Magenta Nation – Blog


The Future of Abortion in America

The Supreme Court’s effective repeal of the longstanding Roe v Wade decision sparked political and public turmoil this summer. In a 6-3 ruling in Dobbs v. Jackson Women’s Health Organization upholding a Mississippi state law banning abortions after 15 weeks, the court further declared in the majority opinion that the Constitution does not protect a right to have an abortion. The surprising decision—although leaked in May, still surprising that it actually happened—holds potentially devastating consequences for women across the nation. But the full extent of those consequences may not be completely obvious. For the many Americans who will either be impacted by this development or don’t follow the issue very closely, it’s important to understand what exactly happened, what happens now, and what will likely happen in the future.

Technically, the Dobbs v. Jackson decision didn’t establish an immediate ban on abortion on its own. In repealing the judicial precedents set in Roe v. Wade and its subsequent supporting decision Planned Parenthood v. Casey (1992), the court returned the issue of reproductive rights back to the states by removing the federal-level block on passing abortion bans at the state level. Unfortunately, in several cases this effectively meant an immediate ban on abortions anyway. States with old laws in place banning abortion could now seek to either enforce or reinstate them. More immediately, fifteen states have also enacted “trigger ban” laws which were specifically designed to kick in if Roe was overturned. Some of these laws take effect right away, while others come into force after a short period of 30 days, as in the cases of Idaho, Texas, and Tennessee. Still other trigger bans will require action from state officials to begin them. Overall, while repealing Roe v. Wade didn’t inherently ban abortion, it effectively allowed an immediate ban implementation in several states—forcing abortion clinics to stop providing services on the spot in several places—and cleared the way for other states to start working on abortion limitations and bans as well.

But the story doesn’t stop there. Bans on abortion are the first and most visible result of removing Roe’s protections, but legislatures are already taking actions against reproductive rights to the next level. There are efforts in several states to further restrict abortions by passing laws intended to prohibit their citizens from receiving abortion services or even counseling from providers in other states. A law enacted in Kentucky even before Roe was repealed created new regulations on dispensing abortion pills and even included a component covering extradition of people out-of-state who provide pills to Kentucky residents in violation of those rules. A politician in Missouri introduced a bill allowing private citizens to sue people who aid others in crossing state boundaries to receive abortion services. Other lawmakers in anti-abortion states have gone as far as to threaten laws which would allow prosecutors to review the digital history of defendants in abortion cases to determine whether they have sought counsel or services for abortions and who may have provided them in violation of state bans.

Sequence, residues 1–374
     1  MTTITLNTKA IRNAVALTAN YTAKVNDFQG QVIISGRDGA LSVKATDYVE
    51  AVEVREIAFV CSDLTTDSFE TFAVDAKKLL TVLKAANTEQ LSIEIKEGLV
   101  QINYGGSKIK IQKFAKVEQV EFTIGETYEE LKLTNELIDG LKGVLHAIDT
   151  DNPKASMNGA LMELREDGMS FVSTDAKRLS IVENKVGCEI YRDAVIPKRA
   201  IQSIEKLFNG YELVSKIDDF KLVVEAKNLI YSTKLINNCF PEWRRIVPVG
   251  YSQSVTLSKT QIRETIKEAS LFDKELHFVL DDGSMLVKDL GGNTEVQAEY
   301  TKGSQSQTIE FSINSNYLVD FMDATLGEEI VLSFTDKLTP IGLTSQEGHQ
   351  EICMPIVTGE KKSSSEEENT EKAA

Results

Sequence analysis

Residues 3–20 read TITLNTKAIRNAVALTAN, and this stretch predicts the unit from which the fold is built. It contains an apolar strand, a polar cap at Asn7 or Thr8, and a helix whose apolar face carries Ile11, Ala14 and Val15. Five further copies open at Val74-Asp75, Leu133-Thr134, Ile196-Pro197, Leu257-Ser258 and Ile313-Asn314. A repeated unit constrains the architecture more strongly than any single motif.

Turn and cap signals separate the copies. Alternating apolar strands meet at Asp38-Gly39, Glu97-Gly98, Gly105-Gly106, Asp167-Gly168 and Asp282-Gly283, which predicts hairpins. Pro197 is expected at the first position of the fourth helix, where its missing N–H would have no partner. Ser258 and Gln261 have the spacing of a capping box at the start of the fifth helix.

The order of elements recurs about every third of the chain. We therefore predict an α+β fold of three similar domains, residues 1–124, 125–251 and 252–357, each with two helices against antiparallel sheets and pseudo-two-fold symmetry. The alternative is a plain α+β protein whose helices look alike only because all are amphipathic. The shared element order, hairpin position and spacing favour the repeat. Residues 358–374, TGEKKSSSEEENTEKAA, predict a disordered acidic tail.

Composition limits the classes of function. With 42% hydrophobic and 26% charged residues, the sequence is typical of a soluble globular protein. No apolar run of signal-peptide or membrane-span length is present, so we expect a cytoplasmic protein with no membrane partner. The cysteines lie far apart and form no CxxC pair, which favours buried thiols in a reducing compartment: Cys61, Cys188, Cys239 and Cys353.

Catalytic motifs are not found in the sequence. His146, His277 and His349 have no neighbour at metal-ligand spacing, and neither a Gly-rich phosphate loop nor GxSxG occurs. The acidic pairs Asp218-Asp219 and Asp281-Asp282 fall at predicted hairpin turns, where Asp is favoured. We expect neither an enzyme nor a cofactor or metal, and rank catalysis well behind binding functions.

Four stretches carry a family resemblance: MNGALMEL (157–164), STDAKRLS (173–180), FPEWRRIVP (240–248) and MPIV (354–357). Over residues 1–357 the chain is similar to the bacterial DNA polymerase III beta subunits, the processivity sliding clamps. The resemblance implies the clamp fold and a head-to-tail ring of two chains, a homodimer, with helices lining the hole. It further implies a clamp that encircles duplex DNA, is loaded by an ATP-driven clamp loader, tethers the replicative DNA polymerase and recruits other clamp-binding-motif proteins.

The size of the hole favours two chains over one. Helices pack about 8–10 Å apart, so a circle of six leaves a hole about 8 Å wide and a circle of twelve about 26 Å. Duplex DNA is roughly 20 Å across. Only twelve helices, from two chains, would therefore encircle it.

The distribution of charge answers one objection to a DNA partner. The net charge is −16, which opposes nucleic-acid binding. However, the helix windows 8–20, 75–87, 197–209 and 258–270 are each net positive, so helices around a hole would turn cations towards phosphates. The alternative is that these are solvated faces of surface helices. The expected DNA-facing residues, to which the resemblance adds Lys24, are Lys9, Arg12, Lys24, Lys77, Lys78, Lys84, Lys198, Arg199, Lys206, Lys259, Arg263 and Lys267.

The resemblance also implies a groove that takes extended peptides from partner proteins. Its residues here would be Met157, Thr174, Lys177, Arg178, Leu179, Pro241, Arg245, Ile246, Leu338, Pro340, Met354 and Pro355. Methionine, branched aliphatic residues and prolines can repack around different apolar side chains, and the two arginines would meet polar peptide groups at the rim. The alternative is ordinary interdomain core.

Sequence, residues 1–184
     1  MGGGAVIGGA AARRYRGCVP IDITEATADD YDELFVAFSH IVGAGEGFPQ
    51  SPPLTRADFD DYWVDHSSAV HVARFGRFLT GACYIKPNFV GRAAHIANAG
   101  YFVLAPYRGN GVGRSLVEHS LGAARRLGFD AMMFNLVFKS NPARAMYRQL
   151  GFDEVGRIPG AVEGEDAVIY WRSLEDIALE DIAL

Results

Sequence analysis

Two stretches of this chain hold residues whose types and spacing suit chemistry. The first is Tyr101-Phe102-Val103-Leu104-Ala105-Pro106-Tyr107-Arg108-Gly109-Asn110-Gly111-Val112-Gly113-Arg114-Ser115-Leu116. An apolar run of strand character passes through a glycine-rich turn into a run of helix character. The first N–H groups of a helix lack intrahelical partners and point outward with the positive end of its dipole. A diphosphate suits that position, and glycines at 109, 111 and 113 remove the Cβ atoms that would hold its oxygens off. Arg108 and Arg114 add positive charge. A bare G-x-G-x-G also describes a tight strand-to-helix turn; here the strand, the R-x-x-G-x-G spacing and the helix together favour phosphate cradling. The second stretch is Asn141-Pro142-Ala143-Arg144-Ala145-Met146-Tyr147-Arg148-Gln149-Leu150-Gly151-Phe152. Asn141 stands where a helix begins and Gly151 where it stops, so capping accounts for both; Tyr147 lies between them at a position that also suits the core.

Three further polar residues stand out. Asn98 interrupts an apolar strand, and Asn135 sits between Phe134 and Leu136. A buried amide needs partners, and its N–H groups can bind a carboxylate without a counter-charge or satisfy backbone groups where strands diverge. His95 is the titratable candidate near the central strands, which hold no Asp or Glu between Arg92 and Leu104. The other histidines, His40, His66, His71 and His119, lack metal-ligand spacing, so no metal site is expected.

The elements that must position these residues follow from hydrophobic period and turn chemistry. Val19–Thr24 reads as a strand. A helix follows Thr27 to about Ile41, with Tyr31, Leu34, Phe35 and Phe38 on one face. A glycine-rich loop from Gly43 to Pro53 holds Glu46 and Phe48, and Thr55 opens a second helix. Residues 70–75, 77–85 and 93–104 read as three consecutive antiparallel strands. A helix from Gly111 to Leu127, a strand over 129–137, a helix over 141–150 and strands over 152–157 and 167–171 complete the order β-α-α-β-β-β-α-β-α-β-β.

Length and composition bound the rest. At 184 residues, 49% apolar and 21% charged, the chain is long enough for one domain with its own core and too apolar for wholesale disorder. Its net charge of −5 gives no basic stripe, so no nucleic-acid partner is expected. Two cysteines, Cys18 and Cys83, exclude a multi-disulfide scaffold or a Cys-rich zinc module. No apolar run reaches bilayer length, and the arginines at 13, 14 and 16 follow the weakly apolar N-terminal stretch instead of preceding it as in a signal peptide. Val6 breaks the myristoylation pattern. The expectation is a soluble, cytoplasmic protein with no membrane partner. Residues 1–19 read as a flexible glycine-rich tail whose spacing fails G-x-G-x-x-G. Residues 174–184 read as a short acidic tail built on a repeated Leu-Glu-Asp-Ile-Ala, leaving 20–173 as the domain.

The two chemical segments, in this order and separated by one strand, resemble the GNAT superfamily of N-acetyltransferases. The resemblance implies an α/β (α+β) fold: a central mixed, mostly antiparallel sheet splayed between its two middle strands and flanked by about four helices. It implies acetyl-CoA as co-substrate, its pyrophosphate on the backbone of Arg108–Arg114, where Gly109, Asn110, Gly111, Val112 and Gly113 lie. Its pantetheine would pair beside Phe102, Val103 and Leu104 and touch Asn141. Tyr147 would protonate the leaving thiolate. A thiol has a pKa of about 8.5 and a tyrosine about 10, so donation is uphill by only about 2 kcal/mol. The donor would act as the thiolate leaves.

The repeal of Roe v. Wade was far from the end of the debate and political battle over reproductive rights. Abortions face a murky and protracted legal future as the policy once again becomes an element of states’ rights. Several anti-abortion states have multiple laws restricting abortions already in place whose different stipulations will likely have to be worked out as they become active. Divergences between states that protect and prohibit abortion access will certainly pose even more legal questions and challenges as new efforts to extend abortion restrictions beyond state lines continue to grow. What is clear for now is that Roe’s repeal is anything but symbolic. It has had immediate impacts on women across the country, and will make reproductive rights a new and burdensome issue for many new women for the foreseeable future.

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